Hi. I’m Karen Zusi, science writer at the Broad Institute, and you’re listening to BioLogic, the logic behind the science: conversations with Broad researchers exploring what they do and why they do it.
In this episode, we’re taking a look back at some of the history behind genome-wide association studies, and a look forward to see what researchers are still learning from them.
Genome-wide association studies, or GWAS, came onto the research scene roughly a decade ago. In these studies, scientists examine the genomes of people with and without a specific trait or disease, looking for small variations in their DNA that might correlate.
Then, researchers can use those variations like guideposts to find the genes that might be involved — and investigate the biology behind a disease. This could open the door to better treatments, ones based on a disease’s molecular causes rather than its symptoms.
For the rundown on GWAS, BioLogic turned to Joel Hirschhorn.
Joel is an institute member and co-director of the Metabolism Program at the Broad Institute, and professor of pediatrics and genetics at Harvard Medical School and Boston Children’s Hospital. He’s pursued genome-wide association studies since they first became possible, particularly for type 2 diabetes, obesity, and height.
Over the last ten years, thousands of GWAS have resulted in genetic regions being linked to traits and diseases, but the method hasn’t always enjoyed unwavering support. Joel sat down with BioLogic to talk about how the research community has approached GWAS through the last decade.
Really the first kind of decently sized typical genome-wide association studies were in 2007. And all of a sudden it became actually possible to do genome-wide genotyping. And that was this amazing thing then because it really changed the game of what you could do.
Before large genome-wide association studies were possible, researchers often made educated guesses about what genes might be connected to a disease, and then studied just those bits of DNA.
Compared to these “candidate gene” studies, GWAS represented a leap forward in the search for disease-associated DNA.
We knew already that candidate gene association studies were largely not successful. We did these exercises — I remember we were working on type 2 diabetes and obesity, and we actually did the exercise of making these long lists of candidate genes, saying “These are the genes we think we should test, because they are the genes that have been suggested by previous biology that they are going to be important for diabetes and obesity.”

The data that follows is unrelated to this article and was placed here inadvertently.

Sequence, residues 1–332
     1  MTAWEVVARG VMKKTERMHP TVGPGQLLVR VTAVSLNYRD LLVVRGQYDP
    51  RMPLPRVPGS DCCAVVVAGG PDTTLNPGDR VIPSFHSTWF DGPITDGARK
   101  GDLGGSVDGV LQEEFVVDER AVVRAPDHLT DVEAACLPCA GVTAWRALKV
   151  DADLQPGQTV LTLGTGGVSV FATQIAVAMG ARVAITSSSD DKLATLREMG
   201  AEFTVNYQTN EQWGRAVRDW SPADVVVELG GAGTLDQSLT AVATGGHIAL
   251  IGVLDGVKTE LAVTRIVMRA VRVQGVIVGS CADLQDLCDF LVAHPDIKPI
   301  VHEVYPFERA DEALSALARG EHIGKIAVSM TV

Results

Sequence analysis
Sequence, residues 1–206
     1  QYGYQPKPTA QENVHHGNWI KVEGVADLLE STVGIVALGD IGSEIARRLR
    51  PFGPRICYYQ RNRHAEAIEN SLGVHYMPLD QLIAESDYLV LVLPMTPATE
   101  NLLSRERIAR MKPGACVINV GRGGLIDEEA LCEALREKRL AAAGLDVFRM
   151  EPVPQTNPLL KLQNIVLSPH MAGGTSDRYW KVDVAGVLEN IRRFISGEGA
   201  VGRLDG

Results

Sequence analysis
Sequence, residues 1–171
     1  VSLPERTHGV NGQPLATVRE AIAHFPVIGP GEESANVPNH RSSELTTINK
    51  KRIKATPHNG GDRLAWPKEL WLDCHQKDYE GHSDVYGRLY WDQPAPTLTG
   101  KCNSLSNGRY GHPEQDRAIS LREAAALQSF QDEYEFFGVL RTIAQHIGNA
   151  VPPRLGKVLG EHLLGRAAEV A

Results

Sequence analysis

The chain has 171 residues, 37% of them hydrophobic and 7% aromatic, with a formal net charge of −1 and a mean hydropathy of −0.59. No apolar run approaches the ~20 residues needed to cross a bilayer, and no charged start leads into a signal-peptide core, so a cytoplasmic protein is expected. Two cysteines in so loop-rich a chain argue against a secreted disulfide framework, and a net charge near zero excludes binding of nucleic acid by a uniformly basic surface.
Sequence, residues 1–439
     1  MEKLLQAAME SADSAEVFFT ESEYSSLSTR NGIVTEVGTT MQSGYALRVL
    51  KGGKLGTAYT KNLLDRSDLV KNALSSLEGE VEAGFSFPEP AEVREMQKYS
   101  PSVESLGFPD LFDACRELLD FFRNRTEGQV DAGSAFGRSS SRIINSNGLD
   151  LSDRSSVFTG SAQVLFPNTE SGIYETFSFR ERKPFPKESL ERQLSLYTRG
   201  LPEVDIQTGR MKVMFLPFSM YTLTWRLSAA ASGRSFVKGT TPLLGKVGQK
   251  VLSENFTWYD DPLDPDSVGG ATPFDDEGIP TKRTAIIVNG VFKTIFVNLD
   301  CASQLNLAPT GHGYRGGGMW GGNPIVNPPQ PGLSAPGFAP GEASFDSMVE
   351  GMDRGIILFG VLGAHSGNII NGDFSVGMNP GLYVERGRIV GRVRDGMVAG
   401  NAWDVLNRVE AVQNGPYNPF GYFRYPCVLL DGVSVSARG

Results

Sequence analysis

When we then did the genome-wide association studies, and the first signals start to come out, essentially almost none of the genes that came out of the genome-wide association study had been on our list, because we were just so bad at guessing what the biology was.
I think we were all surprised at how bad our candidate gene lists were. And it’s not so much that the biology was entirely wrong. It’s really, I think we didn’t grasp, or at least I didn’t grasp, how much of the genome we knew absolutely nothing about.
So if you’re gonna say “Well, this is all gonna be growth plate biology,” to pick height for example, even — height’s probably one of the cases where the previous biology is one of the best-defined and actually lined up almost the best with what’s come out of GWAS. And even there, most of the genes that we identify are not genes that people have said were important for the growth plate, even though when you look at them they’re actually expressed in the growth plate and even expressed in really interesting ways.
And they’re almost — in fact, some of them then turn out to be genes for skeletal growth disorders. But nobody had pointed to them in any real way saying, “Oh, this is going to be an important gene.” And I think that’s been true even moreso for the diseases where it turns out we’ve known less about the biology going in than we thought we did.
So it really was absolutely essential to be able to take a comprehensive genome-wide approach to get at these variants.
Today, unbiased genome-wide association studies can include tens, or even hundreds, of thousands of people.
But ten years ago, the first genome-wide association studies were much more limited. And research groups around the world had very different perspectives on these early studies.
So we felt that we were lucky to have found anything at all, given the sample sizes that we were limited to at the time.
And we were really excited that — even though, for example, for diabetes, — that when we put everything together, there actually were several clear associations that emerged. And for us, that meant “Okay, this is going to work. We just need to do this on a larger scale, and we’re going to continue to make discoveries, and we’re going to learn more and more about the biology.”